With strict Home Owners Associations (HOA) regulating the quality of our Frisco, TX landscaping combined with today’s busy lifestyle, many homeowners have turned their yard maintenance over to local landscaping companies. On average, a homeowner with a small property can expect to spend over $1000 each year on a lawn mowing service. This same owner should plan to pay an additional $450 each year to have their lawn treated for weeds and fertilized. With this level of financial investment in their grass, homeowners are naturally frustrated when they discover that their lawn still does not seem as green as they would like, continues to have weeds or begins dying off altogether in certain areas. The good news is that along with a few basic guidelines for how to care for your grass, aerating your lawn in either the spring or the fall each year could be the one missing piece of the puzzle in the quest for a green and healthy lawn.
Aeration, or core aeration, is the process of puncturing the soil by removing small plugs or soil plugs. This process will immediately relieve soil that has become compacted and break through layers of thatch. In addition, aeration allows air, water and nutrients (supplied from your fertilizer applications) to penetrate down to the roots of the grass. Aerating can help the roots of your grass grow more deeply, strengthening them and thereby producing a more vigorous lawn.
Compacted Soil and Thatch
In Frisco, TX, our soil is predominantly clay. Clay soil is naturally dense and presents a challenge for roots, water, sunlight and nutrients to penetrate or drain through. Over time and in the intense summer heat, this clay soil can naturally harden and compact. As if the clay soil under the grass was not enough of a challenge, layers of thatch can build up between the grass and the soil as well. In fact, having compacted soil directly contributes thatch development.
Thatch is a layer of dead and living grass shoots, stems and roots that can develop in between the soil and blades of grass. Through regular lawn mowing and the natural, seasonal cycles of your grass, thatch will certainly develop. The problem comes when the grass is producing this organic debris faster than it can naturally be broken down. A perfect example would be to consider what might happen if you decided to stop brushing your hair. Thatch in your lawn would be the equivalent of the snarls and knots you would expect to find in your hair after a few days of not brushing (a bit uncomfortable to brush through after a few days, but still manageable). Thatch buildup on the other hand would be comparable to going several months or years without brushing. Can you imagine how ineffective shampooing and conditioning would be with several months of knots? When you have thatch buildup on your lawn, only a small portion of water, sunlight and nutrients will actually penetrate and find their way to the roots. Eliminating thatch buildup is crucial to growing strong and healthy grass. Thatch buildup can be eliminated by going over your lawn with a metal rake, concentrating your raking at the base of the grass (also known as the crown) using short and forceful strokes. This is a time-consuming but effective process to break through thatch. Another option would be to hire a lawn maintenance or landscaping company to aerate your lawn for you. On average, a professional lawn aeration service will cost between $100-$200, depending on the amount of turf to be treated. Since aeration will open up your soil, many companies will package the aeration with fertilization or overseeding, so you might see some higher prices depending on what’s included.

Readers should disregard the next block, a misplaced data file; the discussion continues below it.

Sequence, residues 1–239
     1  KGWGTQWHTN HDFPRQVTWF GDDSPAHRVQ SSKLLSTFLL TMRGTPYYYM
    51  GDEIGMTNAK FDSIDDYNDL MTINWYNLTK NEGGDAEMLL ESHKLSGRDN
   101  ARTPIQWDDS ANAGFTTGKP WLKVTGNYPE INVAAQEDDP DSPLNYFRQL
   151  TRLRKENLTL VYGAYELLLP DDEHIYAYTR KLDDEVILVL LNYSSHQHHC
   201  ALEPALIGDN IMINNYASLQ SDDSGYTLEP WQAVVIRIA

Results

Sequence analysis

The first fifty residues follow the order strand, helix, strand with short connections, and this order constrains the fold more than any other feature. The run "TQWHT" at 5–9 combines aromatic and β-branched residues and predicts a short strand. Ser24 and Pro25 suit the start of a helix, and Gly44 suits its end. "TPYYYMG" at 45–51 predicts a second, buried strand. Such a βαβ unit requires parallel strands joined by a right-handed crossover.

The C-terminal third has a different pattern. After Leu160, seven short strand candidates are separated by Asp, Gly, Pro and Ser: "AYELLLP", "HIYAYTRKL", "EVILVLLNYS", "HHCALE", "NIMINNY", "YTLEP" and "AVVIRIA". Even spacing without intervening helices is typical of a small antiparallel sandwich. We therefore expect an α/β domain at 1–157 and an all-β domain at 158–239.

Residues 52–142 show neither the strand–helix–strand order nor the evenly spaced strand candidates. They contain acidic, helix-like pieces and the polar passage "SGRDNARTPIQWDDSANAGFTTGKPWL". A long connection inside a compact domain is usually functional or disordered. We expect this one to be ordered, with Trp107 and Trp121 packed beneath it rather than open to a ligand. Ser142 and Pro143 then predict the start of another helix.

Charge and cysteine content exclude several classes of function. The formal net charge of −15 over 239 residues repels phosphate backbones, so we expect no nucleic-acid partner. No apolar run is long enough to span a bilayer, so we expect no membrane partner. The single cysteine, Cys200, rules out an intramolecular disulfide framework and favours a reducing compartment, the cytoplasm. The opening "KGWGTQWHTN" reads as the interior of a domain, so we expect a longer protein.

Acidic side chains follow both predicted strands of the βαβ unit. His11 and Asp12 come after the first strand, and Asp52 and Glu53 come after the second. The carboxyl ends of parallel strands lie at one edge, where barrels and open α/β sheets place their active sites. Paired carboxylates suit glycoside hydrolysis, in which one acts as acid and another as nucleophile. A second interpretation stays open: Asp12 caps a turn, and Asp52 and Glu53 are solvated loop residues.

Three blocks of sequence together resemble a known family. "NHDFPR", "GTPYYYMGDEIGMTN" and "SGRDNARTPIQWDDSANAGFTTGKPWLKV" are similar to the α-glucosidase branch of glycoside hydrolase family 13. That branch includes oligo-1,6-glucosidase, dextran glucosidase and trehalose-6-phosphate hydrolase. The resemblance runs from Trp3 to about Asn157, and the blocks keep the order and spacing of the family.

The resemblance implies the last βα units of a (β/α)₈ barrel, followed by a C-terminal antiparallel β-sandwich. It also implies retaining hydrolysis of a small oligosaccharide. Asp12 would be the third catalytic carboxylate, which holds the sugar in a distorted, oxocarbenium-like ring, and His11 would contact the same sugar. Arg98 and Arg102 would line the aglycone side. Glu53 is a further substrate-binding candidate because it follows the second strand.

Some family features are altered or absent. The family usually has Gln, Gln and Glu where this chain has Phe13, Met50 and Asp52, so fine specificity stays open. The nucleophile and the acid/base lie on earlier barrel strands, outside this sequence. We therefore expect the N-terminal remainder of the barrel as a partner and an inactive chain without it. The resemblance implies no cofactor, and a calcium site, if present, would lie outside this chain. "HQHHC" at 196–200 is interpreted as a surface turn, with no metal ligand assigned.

What Happens During Lawn Aeration?
When you hire a professional to come out to aerate your lawn, they will arrive on site with a specialized machine known as an aerator. This machine is big and loud and is pushed manually over your lawn by an operator. As it travels the lawn, a rotating drum with spikes will puncture your soil to a depth of approximately 2-3 inches. After penetrating the soil, an aerator pulls up a plug of your soil. These soil plugs are typically left on the soil. Many people ask if they should clean up the plugs, but left alone, they will incorporate back into the lawn naturally within a few weeks.
WARNING: Aeration machines are not gentle and will be penetrating several inches into the ground. It is extremely important that any irrigation or utility line that might be present within a depth of 2-3 inches be clearly marked. If you are not able to mark them, at the very least, provide the aerating professional access to your irrigation panel so they can turn your irrigation system on to identify your sprinkler heads. Also, be aware that many of our Frisco neighborhoods have installed drip line irrigation in the parkway area (strip of grass between the road and the sidewalk) and possibly around the foundation of your home. Drip line irrigation in these areas sits directly below the grass. An aeration machine should never be run over an area with drip line irrigation under the grass. Not all companies are the same, but for this very reason, we never run the aerator in the parkway area or within 2 feet of the home. After an aeration service, should you notice certain areas have been skipped, this might be why.